Top 8 tips for taking stunning self-portraits

Digital cameras make capturing those magic moments easier than ever, even if you’re travelling alone. For greater ease, some models feature flip-out LCD viewing panels so you can see exactly what you’re shooting. If you find that most of your self-portraits are starting to look the same, here are some simple but inventive ways to capture stunning self-portraits of your adventures.


Most self-portraits are taken at eye level, so why not shake things up a little by trying a different perspective - perhaps profile down, or over-the-shoulder?
Changing the camera angle could make a huge difference to the finished product and help you see yourself in a completely different light.


Instead of looking directly at the camera lens, try looking away from the camera, or focusing on an object that’s off-screen.
This can help to add an extra dimension to the picture. The viewer will wonder what you’re looking at, and their interest will be piqued.


Alternatively, look at an object within the frame of the photo, such as your new gadget, a mouth watering dish, or a loved one. Doing this helps create an additional point of interest in the image, so your picture starts to tell a story.


Positioning a light source can create interesting moods and effects in a picture. For example, standing in front of a light source can create a silhouette that obscures the subject’s details, making for an intriguing image. Light coming from the side can create a moody image.


Most of us usually have a side or angle that plays up our best features, such as our smile or eyes. Whatever your best feature, pick an angle that plays it up so that you always look your best in photographs.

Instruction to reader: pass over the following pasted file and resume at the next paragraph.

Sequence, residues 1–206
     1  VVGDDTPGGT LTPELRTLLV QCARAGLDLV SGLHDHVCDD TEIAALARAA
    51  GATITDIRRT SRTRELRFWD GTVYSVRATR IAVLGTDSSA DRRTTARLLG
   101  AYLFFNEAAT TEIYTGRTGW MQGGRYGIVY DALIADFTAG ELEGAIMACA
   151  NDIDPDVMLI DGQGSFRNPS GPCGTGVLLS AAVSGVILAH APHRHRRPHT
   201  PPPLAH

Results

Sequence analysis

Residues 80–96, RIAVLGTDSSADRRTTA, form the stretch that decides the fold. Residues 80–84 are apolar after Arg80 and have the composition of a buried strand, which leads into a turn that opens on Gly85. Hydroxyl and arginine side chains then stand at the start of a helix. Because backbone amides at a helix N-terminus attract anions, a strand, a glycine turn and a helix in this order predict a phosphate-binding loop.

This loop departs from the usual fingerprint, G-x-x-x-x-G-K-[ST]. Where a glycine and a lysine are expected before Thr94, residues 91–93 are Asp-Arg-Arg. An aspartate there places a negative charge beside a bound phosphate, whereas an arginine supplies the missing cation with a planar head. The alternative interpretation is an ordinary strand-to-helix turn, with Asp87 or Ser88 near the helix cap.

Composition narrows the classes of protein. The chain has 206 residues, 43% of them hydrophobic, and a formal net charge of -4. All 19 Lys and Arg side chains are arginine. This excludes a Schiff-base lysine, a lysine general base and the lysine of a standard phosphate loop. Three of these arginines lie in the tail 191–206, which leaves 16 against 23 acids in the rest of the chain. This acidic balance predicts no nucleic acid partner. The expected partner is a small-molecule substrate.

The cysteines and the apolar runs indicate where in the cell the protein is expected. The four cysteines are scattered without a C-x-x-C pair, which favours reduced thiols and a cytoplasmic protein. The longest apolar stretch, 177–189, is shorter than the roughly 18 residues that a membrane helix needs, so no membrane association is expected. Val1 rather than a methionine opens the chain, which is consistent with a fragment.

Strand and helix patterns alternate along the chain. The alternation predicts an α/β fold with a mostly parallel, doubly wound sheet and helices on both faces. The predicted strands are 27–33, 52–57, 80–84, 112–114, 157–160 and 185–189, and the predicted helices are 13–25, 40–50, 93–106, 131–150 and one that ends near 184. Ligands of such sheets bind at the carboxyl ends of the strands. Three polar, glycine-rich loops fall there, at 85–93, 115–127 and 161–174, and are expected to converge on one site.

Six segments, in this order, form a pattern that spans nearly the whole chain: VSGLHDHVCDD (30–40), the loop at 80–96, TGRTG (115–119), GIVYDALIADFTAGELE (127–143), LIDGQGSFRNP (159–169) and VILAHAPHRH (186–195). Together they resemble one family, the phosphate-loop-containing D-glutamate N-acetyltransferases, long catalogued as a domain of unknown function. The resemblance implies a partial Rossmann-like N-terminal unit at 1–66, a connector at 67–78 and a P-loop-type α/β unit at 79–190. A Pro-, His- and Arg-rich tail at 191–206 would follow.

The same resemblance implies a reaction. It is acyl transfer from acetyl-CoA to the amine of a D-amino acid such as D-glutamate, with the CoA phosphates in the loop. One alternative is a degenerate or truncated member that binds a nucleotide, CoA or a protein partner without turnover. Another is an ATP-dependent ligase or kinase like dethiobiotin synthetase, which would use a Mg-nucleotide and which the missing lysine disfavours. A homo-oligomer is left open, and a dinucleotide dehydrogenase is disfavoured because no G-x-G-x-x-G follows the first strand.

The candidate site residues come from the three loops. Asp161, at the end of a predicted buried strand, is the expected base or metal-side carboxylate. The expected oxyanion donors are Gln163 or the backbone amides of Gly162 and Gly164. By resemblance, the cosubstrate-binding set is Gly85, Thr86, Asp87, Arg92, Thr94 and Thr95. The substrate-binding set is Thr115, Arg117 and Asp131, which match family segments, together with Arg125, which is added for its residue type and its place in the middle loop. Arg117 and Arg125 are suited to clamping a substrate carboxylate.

Many people compose their shots using the rule of thirds. This divides a picture into nine equal squares or rectangles, and has the photographer align important elements of a shot along these lines. But sometimes, breaking such guidelines can lead to interesting, creative results. Try placing yourself at the edge of the shot for example - the results could surprise you.


Even after experimenting with factors like different points of focus, shoot angles and the way your shot is composed, the subject of your photos will still be the same - you.
This is why it’s important to find a different background, like a castle, street parade or even an unusual sign or billboard. The only limiting factor is really your imagination, so don’t be afraid to experiment the next time you find yourself in a new location or situation.


Experiment with keeping part of yourself hidden. Take a photo of yourself half hidden by a wall or mirror, or blocked by an object. Leave the rest of it to the viewer’s imagination.

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